Last thing I’ll say about the intro before we head to the beaches: Survivor editors have been on fire lately, and they hit a home run again with the time-lapse montage of Christian obsessing over the wrong moves he made in the puzzle. Freakin’ hilarious. Yes, ever since Cochran, the Survivor Nerd has become an overused archetype, but this guy is money. Okay, let’s head to the beaches.
The Goliath Tribe
The rain is already coming as the Goliaths make their way to their tribe beach, and in case you don’t know who Mike White is, he’s here to tell you! He explains that he wrote School of Rock, Nacho Libre, “and then some indie movies and TV too.” Some indie movies and TV too?!? You mean like Chuck & Buck? And Enlightened? And Freaks & Geeks? Those aren’t just “some indie movies and TV too,” Mike White. Those are works of genius. Take ownership of all your writing prowess! Not only that, but need I remind you that you were FREAKIN’ NED SCHNEEBLY?!? Dude, you made it! In Hollywood! Do you know how hard that is? You’re a Goliath, for chrissakes. Start acting like it!
Also, stop looking for idols. Or, at least stop being so obvious you are searching for idols. Especially when you’re not in any trouble. That’s an easy way to put a target right on your back, which is exactly what Mike does. It also leads to a flurry of other people searching for the idol. Angelina even asks the question that I have asked many times before in my recaps: Why don’t women find hidden immunity idols? She and Alison want to break that trend. But they can’t, because said idol is in Dan’s pants — which, frankly seems like a weird and inappropriate place for producers to hide it. Maybe they were hoping Kara would find it in there?
Those two were certainly looking pretty damn flirty and a shoo-in for a season-long showmance. Which greatly confuses me thanks to this infamous Instagram post in which Kara seems to be romantically linked with another contestant from her tribe. Perhaps Dan reverted back to “Fat Dan” after the season and she was Audi 5000? I have no idea. REALITY COUPLE ROMANCES! WHO CAN KEEP TRACK?!
But enough of the most confusing island-set love triangle since Jack, Kate, and Sawyer — because Natalie seems to have annoyed people with her deadly combination of complaining about the way everyone else is doing stuff coupled with her not actually doing anything. Other than John Morrison taking 10 minutes to rattle off all of his nicknames, that’s about it from the Goliaths.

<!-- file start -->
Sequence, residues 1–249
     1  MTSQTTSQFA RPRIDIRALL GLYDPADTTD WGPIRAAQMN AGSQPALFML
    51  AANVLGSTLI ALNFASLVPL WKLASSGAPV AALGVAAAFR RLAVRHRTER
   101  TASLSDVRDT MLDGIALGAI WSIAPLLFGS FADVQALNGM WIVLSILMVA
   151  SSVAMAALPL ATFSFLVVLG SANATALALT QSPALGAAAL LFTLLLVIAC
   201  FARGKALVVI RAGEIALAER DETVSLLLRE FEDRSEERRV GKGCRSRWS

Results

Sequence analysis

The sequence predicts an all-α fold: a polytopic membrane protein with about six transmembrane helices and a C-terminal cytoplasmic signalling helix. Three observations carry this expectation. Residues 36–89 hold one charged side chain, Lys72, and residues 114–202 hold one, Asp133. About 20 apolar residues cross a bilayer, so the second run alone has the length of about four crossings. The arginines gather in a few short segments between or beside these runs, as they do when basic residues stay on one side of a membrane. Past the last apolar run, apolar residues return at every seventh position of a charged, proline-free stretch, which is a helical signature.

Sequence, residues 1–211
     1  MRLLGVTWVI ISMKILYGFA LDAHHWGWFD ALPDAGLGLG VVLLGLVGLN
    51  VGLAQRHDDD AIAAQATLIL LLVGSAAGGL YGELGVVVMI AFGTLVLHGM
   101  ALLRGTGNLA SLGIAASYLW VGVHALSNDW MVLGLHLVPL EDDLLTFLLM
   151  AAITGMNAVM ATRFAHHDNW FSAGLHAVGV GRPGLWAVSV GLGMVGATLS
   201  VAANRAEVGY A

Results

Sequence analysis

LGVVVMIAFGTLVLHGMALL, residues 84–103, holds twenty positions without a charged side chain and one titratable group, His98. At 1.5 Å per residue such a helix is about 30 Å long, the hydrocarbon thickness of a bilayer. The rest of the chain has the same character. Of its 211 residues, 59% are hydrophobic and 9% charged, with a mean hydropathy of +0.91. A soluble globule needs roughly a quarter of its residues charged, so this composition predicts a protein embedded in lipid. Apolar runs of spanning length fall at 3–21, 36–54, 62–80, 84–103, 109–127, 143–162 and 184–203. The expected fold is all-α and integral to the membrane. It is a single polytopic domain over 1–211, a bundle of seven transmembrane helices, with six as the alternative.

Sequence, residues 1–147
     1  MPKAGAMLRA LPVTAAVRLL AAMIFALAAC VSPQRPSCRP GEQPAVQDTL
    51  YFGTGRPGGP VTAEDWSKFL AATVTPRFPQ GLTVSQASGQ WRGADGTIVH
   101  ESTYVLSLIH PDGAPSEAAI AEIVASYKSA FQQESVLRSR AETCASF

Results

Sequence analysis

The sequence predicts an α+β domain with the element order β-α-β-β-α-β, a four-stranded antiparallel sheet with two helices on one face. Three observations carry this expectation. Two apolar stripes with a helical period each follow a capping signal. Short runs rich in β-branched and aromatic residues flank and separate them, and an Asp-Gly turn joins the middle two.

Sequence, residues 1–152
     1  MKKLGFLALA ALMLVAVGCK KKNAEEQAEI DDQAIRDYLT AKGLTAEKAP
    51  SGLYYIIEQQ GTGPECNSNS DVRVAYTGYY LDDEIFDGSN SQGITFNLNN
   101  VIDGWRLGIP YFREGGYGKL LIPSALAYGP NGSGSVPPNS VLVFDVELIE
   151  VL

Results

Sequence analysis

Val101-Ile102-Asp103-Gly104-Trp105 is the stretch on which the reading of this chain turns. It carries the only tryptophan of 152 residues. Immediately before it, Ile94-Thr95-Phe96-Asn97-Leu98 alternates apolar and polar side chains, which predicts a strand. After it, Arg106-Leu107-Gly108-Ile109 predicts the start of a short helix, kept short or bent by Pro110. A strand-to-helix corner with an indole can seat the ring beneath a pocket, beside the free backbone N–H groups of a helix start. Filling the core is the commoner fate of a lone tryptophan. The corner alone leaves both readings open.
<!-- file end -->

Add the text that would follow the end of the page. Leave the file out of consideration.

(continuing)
The David Tribe
Wow, this Pat guy is coming in hot! It’s almost as if he knows his time is limited so he wants to cram in as many left nut and butt crack jokes as possible. (Speaking of which: Why does a duck have feathers? To cover his butt quack. BOOM! I’m here all week. Please tip your waitress.) While Pat may be rubbing people the wrong way with his aggressiveness, the guy is at least getting results, building a kick-ass shelter for the others to enjoy without him.
But while one of the oldest members of the tribe is working hard on that, the youngest is working hard on the game. 19-year-old Jessica is telling everyone she is 22, because we have never, ever, ever seen teenagers lie about their age before on this show. She makes an alliance with Bi. She makes an alliance with Elizabeth. She makes an alliance with Carl. Hell, I’m pretty sure she made one with the octopus before Davie killed it. And she’s not the only one working it. Lyrsa and Elizabeth form an alliance while a storm rages overhead, and if they don’t call it the Thunder & Lightning alliance then they are doing something seriously wrong.
Meanwhile, Christian and Gabby pair up, with the latter branding herself the “nerd-whisperer,” which I can only assume means talking about Tribbles and Pythagorean Theorems and Jennifer Love Hewitt. I know I am forcing myself not to root for the David tribe, but there are some great characters on this team, and these two may be at the top of the list.
Nick has its own list, and it’s a list on how to get out of doing any manual labor. Nick thinks he’s being all crafty and nobody will notice that instead of helping out around camp, he is spending all his time coming up with terrible alliance names. (Why will nobody adopt Thunder & Lightning?!? It’s right there people!) But notice they have. Maybe Nick started to realize he was not fitting in, or maybe he just felt comfortable opening up. Either way, he decides to share his story about losing his mother three years ago to an overdose. It’s hard to tell how much of this was him wanting to get this off his chest in a form of tribal therapy and how much was him simply trying to undo any social damage he felt he may have already done. I also can’t help but wonder — especially after Pat thanked him for not saving it to the end — if his original plan was to strategically unleash it at the final Tribal Council like Adam did with his sick mother in Millennials vs. Gen X.
You might think I would disapprove of using personal tragedy as a strategic tool, but not in the least. It doesn’t mean the pain is fake. The pain is still real. But if you can use that pain to garner votes and sympathy, then why not? The potential strategic downside for Nick of revealing this now, however, is that it is just the type of reason someone might not want to bring him to the end. Fear of a sympathy vote is a powerful motivator — to vote against somebody. But seeing as how far Nick was veering towards being on the outs, he probably had no choice. Forging personal connections at this stage is key, and while playing the long game is certainly important, sometimes there are cards you have to play to even get there.